These costs are significantly inflated and irresponsibly misleading. As multiple news outlets have reported, the vast majority of the costs identified in the previous Vanderbilt study were related to regulations related to federal research grants and not accreditation.

In addition, suggesting, as this report does, that the cost of accreditation includes significant faculty costs ignores the reality that accreditation activities are part of regular faculty service and committee work and contribute to the overall improvement of the institution.

Unlike the many regulatory requirements that institutions have to deal with that are really only reporting, the process of peer review creates significant benefit to institutions to help them study themselves with expert colleagues, plan for the future, and discover and address their blind spots.

There is no doubt that colleges, universities and pre-K-12 institutions suffer from overregulation, but accreditation -- a process that reinforces continuous improvement of institutions -- isn’t the primary culprit. Accrediting agencies in both pre-K-12 and higher education are working to streamline their processes, to lower costs and become more cost-effective.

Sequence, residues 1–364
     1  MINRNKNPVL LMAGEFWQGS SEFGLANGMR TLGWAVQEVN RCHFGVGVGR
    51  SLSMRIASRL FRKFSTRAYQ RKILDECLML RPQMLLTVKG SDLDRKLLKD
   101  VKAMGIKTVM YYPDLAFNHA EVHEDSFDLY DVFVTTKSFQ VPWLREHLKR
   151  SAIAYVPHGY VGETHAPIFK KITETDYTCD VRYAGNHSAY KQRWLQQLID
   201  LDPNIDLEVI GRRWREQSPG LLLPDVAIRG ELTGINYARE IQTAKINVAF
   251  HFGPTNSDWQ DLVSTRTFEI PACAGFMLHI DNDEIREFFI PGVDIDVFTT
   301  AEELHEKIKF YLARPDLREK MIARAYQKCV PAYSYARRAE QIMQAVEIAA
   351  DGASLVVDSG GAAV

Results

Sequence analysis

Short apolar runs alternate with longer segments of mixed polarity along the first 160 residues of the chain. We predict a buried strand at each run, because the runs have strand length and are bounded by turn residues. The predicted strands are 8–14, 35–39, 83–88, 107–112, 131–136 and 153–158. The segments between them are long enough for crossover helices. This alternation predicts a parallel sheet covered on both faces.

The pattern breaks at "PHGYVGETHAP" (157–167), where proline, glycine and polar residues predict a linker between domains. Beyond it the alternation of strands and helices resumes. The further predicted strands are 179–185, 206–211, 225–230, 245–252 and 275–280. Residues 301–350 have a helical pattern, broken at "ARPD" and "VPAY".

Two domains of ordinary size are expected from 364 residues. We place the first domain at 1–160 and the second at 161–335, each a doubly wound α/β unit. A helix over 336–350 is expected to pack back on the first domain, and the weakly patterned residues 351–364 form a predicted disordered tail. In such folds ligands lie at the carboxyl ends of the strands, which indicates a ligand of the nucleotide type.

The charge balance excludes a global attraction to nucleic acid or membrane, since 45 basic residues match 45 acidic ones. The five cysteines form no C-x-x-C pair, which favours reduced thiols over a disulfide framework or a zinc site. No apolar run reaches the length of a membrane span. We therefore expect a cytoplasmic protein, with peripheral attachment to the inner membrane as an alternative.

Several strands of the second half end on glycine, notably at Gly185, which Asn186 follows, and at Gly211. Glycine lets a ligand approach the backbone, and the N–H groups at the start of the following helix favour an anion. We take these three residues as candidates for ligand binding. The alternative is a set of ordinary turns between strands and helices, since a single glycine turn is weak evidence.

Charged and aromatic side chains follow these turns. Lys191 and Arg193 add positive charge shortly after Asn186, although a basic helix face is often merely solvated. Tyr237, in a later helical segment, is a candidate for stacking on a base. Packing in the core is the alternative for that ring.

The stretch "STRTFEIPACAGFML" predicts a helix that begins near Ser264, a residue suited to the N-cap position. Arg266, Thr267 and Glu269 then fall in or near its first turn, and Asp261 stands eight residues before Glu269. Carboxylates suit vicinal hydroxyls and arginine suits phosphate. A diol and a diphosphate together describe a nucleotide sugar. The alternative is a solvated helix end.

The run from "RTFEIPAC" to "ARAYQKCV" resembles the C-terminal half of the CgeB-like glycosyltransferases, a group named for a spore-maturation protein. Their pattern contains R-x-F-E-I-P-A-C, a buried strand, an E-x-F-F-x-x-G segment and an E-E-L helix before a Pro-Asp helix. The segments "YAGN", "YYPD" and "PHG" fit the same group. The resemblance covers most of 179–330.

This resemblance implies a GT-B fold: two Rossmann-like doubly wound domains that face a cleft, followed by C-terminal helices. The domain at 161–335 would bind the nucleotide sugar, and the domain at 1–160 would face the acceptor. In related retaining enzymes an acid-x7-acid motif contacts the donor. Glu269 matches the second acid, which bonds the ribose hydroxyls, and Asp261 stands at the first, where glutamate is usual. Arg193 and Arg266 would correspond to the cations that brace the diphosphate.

They are also seeking to become more transparent about decision making, and ensure that the broadest range of stakeholders is included in discussions of academic standards and quality -- quality that translates into real improvements at institutions, not just checklist compliance.

So what is the real cost of accreditation?

As two leaders of accreditation agencies -- one that assures quality in over 34,000 pre-K-12 institutions around the globe and the other that provides regional accreditation for over 800 Southern higher education institutions (including Duke and Vanderbilt) -- we estimate the cost of accreditation to be significantly lower than those reported in the Senate report.

A 2012 doctoral dissertation project conducted by Paul Woolston Jr. at the University of Southern California looked at the average cost for institutions seeking to reaffirm their accreditation through three of the six regional accreditation agencies. Woolston found that the average cost -- including both direct and indirect costs -- was $327,254 over a seven- to 10-year cycle. This means the annual cost to institutions ranges from roughly $32,000 to $41,000 per year depending on the length of the accreditation cycle.

Even at doctorate-granting research universities, the average combined direct and indirect cost over this entire span was about $415,000 for these institutions across three accreditation regions. Hardly the millions of dollars being bandied about by those who would like to see the accreditation process dismantled, and certainly an amount that is manageable enough to budget for over the long term.